Bhimrao Ramji Ambedkar

Ambedkar, Bhimrao Ramji

 

Born April 1893; died Dec. 6, 1956, in New Delhi. Indian political figure and leader of the untouchables movement. Marathi by nationality. Studied in universities in India, the USA, Germany, and England. Awarded the degree of doctor of economics and commerce.

Ambedkar became active in politics in the late 1920’s. He worked against the caste system. A representative of the upper elements of the untouchables, he led various political organizations of the lower castes (the Association of Oppressed Castes and others). A supporter of M. Gandhi, Ambedkar belonged to the right wing of the nationalist movement. After India gained independence in 1947, Ambedkar entered the government as minister of justice (1947–51). He was one of the authors of the Indian constitution (1950). He is the author of many works, mainly about Indian castes—for example, Castes in India and The Annihilation of Caste.

References in periodicals archive ?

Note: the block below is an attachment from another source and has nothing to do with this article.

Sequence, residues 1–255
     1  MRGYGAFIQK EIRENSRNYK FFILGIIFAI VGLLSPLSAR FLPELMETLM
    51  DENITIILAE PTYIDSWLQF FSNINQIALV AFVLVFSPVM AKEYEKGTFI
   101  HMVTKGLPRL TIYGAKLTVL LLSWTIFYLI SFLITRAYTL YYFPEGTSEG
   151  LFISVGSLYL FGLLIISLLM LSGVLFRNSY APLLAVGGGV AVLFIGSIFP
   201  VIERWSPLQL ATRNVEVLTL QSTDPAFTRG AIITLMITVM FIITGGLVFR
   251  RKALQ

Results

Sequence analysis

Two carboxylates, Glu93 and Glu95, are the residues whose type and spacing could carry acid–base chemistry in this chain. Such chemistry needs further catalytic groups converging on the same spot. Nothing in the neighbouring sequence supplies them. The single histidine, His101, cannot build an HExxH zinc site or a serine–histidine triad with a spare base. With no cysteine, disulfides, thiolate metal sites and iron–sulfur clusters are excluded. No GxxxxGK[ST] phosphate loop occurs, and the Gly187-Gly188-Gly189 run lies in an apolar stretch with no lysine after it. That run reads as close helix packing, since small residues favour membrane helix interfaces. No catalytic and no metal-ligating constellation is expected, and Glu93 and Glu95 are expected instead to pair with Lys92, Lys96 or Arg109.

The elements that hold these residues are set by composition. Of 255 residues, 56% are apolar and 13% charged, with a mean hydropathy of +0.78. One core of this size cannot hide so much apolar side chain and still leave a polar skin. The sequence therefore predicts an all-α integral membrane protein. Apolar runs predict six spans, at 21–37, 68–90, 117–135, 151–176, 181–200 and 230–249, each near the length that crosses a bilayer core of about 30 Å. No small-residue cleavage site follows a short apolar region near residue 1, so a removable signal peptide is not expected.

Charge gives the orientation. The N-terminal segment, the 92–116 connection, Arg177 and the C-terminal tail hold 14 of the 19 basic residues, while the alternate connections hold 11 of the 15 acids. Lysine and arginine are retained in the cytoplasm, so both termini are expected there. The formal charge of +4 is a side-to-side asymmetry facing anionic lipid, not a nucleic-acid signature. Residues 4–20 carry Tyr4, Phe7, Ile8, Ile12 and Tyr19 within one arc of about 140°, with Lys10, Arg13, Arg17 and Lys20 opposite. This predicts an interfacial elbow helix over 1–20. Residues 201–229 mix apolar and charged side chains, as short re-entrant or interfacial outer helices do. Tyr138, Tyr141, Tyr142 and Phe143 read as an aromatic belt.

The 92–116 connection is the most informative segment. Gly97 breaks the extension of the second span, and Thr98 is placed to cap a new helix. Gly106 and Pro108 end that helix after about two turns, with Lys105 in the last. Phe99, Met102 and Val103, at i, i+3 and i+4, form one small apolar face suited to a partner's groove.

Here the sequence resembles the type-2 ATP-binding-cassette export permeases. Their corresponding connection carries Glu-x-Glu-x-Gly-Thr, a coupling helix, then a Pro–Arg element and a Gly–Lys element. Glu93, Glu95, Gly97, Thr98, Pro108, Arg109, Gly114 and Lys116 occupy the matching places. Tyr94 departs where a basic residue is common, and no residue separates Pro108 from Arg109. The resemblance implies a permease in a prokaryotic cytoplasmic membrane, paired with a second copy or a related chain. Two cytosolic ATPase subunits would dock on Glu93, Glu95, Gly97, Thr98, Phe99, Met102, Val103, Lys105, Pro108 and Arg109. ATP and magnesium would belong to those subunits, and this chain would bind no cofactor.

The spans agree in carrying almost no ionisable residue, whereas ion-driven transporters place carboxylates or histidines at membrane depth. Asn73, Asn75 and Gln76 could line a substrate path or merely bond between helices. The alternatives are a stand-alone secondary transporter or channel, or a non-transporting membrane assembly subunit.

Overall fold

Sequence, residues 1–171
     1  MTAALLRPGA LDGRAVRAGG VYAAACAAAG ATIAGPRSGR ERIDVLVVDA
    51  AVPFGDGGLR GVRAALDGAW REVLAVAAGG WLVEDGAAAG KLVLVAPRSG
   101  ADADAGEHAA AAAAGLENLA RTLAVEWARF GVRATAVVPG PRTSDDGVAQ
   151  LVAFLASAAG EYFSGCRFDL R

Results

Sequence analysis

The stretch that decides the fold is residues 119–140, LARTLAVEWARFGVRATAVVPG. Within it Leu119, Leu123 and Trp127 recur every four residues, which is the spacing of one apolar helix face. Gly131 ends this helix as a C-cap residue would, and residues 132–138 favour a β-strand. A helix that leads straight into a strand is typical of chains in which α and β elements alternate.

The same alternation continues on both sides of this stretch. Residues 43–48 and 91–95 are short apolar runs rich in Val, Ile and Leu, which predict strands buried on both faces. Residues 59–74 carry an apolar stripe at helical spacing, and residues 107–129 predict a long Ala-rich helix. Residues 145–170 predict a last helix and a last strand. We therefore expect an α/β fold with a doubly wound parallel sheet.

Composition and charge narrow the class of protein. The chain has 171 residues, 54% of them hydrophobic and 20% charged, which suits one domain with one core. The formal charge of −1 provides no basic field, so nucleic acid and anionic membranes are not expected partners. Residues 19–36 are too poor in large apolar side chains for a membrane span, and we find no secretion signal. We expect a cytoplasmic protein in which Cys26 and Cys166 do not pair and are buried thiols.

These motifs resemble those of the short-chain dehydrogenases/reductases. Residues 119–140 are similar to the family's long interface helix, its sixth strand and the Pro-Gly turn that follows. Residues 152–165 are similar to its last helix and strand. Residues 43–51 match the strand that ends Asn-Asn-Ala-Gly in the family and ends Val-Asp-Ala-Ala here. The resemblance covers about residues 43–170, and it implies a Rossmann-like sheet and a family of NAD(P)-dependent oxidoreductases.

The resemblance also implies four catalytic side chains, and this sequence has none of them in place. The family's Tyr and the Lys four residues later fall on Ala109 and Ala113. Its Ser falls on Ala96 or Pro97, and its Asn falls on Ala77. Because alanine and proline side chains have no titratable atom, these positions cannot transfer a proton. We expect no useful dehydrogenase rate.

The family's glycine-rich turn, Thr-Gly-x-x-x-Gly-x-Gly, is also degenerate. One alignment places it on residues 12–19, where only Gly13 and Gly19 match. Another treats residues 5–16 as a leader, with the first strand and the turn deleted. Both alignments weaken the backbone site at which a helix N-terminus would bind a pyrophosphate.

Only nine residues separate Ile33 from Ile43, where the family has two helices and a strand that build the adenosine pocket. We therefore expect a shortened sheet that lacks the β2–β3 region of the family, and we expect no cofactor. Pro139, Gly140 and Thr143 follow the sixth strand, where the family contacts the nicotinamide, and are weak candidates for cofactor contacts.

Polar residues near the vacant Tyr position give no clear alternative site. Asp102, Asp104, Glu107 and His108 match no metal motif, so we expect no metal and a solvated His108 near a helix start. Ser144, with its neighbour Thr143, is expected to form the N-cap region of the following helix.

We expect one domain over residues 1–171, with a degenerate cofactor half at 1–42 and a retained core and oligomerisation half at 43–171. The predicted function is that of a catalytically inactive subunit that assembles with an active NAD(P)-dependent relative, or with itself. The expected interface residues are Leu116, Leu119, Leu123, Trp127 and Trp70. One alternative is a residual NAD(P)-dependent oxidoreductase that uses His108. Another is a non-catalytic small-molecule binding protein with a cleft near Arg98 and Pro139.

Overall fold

Beginning his speech with the call " Jai Bhim" -- a reference to Dr Bhimrao Ramji Ambedkar, who was born in Mhow -- Rahul said: " Babasaheb Ambedkar belonged to everyone, not just the weak.
Bhimrao Ramji Ambedkar 14 April 1891 -- 6 December 1956), popularly known as Babasaheb, was an Indian jurist, economist, politician and social reformer who inspired the Modern Buddhist Movement and campaigned against social discrimination against Dalits, women and labour.
Bhimrao Ramji Ambedkar, who eventually came to be known as Babasaheb (respected father), was born in 1891 and was one of the first Dalits to receive a university education, with doctoral degrees from Columbia University and the London School of Economics.
Bhimrao Ramji Ambedkar popularly also known as Babasaheb, was an Indian jurist, political leader, philosopher, thinker, anthropologist, historian, orator, prolific writer, economist, scholar, editor, a revolutionary and one of the founding fathers of independent India.
Bhimrao Ramji Ambedkar created a need for pause as the worldwide implications and potentials of collective liberation are analyzed and realized for the empowerment of people of color across the globe.
Unlike high caste Hindu women, untouchables were mostly silent in the discourse about themselves, although those who had acquired education, such as Bhimrao Ramji Ambedkar, were vocal in presenting the community's issues.